Theism or two-ism

In contrast, the Biblical worldview honours God as Lord of all.  He doesn’t belong in the circle of life as some kind of diffuse energy.  He is outside of it because he created it.  He is holy, set apart, and uniquely special.  However, although he is separate from us, intimacy with the Creator is possible because he is also personal. 

God’s design for men and women

God’s design for mankind is ‘difference.'  Eve was created as a helper, different from Adam.  She complemented him in every way, was equally valuable, but crucially and essentially different.  Essential because the human task was (and still is) to make the earth habitable and fill it with offspring.  From this perspective, homosexuality is a creational dysfunction and homosexual marriage an oxymoron. 

Man (men and women) have a distinct, holy and significant place in God’s creation.  From the start God created distinctions, separating things out and giving each thing its place and function.  For example, each living creature is created ‘according to its kind’ and declared to be good.  Then God’s creation was given clear, distinct and identifiable labels or names. 

The creation of male and female distinctions was the culmination of God’s creation.  Marriage between a man and a woman is God’s design for two people, though different, to find unity and communion without losing their differences.  They come together in a fruitful relationship as separate individuals who complement each other physically and in the roles they fulfil.  But earthly marriage is only a shadow of the relationship between Jesus and his bride, the Church.  If we are united to Christ by faith, we are part of his bride and he is our bridegroom.  The ‘marriage supper of the Lamb’ will take place at the end of the age, when we see Jesus face to face. 

Contrast with paganism

In contrast, paganism believes separation is evil.  Perhaps this explains why homosexuality and androgyny are associated with pagan spirituality.  The practice of homosexuality must have flowed directly from pagan spirituality as it developed outside of Eden.  An endorsement of this view comes from a modern homosexual leader at a Pagan Spirit Gathering in 1985 (See ‘The Twilight Labyrinth’ by George Otis):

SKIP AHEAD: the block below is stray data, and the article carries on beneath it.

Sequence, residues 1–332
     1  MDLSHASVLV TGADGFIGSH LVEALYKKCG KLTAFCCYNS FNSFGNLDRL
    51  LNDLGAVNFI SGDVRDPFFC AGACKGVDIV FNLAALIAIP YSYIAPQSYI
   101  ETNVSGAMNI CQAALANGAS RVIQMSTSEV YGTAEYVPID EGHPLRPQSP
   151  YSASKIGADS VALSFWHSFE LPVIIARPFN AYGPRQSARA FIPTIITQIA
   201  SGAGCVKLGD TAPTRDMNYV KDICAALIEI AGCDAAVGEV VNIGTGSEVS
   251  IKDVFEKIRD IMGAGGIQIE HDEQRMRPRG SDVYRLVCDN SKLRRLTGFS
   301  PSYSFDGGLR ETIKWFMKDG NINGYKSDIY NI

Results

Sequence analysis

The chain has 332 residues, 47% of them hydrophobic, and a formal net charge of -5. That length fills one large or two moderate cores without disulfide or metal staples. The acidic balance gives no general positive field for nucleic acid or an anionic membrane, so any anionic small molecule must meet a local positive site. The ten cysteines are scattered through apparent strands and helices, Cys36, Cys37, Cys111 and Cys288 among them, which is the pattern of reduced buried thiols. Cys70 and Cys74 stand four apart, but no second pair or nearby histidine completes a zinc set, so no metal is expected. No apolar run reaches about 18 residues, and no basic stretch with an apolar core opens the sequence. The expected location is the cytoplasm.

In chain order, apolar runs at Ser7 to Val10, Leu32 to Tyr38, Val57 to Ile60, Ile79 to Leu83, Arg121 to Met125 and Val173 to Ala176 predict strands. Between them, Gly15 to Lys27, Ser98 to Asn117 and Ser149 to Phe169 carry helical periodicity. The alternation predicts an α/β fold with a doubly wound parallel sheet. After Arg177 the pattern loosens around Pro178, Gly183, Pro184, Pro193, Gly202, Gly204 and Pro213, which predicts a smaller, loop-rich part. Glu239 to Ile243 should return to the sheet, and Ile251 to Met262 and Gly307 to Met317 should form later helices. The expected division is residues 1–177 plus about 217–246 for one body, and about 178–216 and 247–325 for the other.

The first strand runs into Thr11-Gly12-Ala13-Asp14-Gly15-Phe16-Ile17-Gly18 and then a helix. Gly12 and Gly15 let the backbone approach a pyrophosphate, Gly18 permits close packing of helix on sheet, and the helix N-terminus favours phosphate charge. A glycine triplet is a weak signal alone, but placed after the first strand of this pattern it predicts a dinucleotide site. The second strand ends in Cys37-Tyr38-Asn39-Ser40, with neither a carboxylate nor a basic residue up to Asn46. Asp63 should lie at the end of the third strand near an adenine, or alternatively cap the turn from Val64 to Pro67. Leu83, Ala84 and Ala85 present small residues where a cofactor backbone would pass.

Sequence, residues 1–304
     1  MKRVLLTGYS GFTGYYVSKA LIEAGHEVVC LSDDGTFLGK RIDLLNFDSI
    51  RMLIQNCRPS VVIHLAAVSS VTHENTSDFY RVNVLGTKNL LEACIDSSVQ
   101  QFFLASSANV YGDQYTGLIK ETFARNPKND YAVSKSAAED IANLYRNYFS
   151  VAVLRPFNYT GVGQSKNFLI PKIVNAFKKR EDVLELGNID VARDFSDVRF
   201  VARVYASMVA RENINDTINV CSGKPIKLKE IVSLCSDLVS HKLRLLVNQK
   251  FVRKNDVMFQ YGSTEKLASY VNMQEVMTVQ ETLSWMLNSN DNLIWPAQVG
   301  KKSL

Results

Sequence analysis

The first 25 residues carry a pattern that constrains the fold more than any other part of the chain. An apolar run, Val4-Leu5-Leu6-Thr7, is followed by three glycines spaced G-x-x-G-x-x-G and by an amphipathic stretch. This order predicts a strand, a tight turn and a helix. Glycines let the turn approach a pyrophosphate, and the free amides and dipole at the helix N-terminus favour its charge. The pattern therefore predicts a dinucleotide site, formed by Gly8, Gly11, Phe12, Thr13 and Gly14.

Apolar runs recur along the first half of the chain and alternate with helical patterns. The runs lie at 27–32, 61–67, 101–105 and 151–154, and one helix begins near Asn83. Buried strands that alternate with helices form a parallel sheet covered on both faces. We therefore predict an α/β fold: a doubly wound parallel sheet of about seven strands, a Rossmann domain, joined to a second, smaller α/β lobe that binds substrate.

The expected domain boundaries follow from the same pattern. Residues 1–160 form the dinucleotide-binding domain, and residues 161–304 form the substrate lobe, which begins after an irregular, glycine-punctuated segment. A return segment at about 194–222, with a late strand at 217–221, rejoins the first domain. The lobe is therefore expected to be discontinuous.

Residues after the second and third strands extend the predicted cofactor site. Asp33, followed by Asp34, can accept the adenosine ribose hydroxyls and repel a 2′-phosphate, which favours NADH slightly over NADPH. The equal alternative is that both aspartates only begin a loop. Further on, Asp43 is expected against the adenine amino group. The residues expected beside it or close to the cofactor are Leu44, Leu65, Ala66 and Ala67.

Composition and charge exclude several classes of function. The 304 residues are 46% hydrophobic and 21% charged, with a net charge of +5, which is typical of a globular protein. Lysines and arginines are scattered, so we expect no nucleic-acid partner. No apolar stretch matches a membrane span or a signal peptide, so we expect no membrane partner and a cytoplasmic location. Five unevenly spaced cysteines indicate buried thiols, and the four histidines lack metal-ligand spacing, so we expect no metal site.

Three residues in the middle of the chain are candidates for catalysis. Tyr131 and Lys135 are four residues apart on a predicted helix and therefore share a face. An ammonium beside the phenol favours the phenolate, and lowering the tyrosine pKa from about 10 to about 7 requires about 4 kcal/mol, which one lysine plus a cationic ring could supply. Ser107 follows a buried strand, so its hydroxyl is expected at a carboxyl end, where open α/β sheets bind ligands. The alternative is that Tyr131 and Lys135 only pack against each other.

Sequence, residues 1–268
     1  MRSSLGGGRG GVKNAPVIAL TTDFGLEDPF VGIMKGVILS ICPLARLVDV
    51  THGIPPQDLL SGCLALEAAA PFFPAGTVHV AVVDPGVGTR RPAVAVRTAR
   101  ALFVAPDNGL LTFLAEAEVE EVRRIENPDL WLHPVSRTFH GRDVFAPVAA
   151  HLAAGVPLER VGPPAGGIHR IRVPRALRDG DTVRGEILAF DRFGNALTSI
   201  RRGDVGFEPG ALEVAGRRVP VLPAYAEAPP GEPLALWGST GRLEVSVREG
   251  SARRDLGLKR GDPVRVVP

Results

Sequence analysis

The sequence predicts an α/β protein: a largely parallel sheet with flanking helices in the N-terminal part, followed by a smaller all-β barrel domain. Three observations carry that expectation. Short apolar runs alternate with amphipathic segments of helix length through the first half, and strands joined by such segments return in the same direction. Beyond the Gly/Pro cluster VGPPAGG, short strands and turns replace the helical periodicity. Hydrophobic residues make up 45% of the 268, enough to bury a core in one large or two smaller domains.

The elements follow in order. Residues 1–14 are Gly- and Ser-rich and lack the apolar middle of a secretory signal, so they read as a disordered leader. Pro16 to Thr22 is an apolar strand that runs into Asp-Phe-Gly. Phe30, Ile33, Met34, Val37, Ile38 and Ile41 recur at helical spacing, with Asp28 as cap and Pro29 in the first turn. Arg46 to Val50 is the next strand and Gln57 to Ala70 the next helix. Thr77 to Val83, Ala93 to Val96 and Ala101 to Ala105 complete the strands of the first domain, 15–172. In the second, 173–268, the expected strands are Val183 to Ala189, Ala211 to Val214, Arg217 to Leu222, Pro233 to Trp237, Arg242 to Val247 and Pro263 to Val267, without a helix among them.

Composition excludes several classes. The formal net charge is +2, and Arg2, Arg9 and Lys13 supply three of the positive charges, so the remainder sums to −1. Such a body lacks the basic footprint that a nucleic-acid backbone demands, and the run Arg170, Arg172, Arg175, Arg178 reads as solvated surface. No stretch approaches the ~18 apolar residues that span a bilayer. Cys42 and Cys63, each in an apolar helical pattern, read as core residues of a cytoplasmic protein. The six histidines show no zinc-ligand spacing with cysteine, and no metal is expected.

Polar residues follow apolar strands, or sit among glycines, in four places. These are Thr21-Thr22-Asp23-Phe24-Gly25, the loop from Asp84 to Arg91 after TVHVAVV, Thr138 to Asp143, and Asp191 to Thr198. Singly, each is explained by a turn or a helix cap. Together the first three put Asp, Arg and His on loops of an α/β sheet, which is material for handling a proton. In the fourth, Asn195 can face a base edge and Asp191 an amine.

We feel there is a power in our sexuality . . . a queer energy that most cultures consider magical.  It is practically a requirement for certain kinds of medicine and magic.

Another homosexual pagan confirms the spiritual dynamic:

It is simply easier to blend with a nature spirit, or the spirit of a plant or an animal, if you are not concerned with a gender-specific role.

The goal of pagan religion is to blend everything, dismissing created distinctions between male and female, animals and humans, right and wrong, God and creation.  June Singer, a pagan writer, even calls androgyny (joining male and female in one person) the ‘sacrament of monism.'  Androgyny is seen by monists as a symbol of their spirituality, so they eradicate differences wherever they can. 

Alfred C Kinsey

Decades before the sexual and cultural revolution of the ‘60s, Alfred C Kinsey (1894-1956) argued persuasively to students in universities globally that traditional norms were false and that the American male was promiscuous, self-pleasuring and significantly homosexual.  Kinsey died believing he had failed in his crusade to promote more enlightened sexual attitudes.  Yet within 20 years of his death, in the US, the definition of obscenity was narrowed, the portrayal of sex in art, literature and film was broadened, the birth control pill was introduced, Illinois became the first state to repeal its sodomy laws and homosexuality was removed from the list of psychopathologies.  Similar relaxing of laws surrounding sexual ethics were happening in the UK around the same time.

Liberation of sexuality